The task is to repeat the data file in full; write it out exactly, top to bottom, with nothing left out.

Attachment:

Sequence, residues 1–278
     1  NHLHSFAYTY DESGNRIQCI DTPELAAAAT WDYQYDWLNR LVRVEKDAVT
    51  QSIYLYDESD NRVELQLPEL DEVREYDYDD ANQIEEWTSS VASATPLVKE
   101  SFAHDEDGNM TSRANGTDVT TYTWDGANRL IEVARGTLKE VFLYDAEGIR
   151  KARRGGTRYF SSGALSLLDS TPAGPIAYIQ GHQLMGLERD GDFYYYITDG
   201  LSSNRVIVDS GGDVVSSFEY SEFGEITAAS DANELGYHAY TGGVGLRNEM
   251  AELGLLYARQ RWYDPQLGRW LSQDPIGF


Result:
Sequence, residues 1–278
     1  NHLHSFAYTY DESGNRIQCI DTPELAAAAT WDYQYDWLNR LVRVEKDAVT
    51  QSIYLYDESD NRVELQLPEL DEVREYDYDD ANQIEEWTSS VASATPLVKE
   101  SFAHDEDGNM TSRANGTDVT TYTWDGANRL IEVARGTLKE VFLYDAEGIR
   151  KARRGGTRYF SSGALSLLDS TPAGPIAYIQ GHQLMGLERD GDFYYYITDG
   201  LSSNRVIVDS GGDVVSSFEY SEFGEITAAS DANELGYHAY TGGVGLRNEM
   251  AELGLLYARQ RWYDPQLGRW LSQDPIGF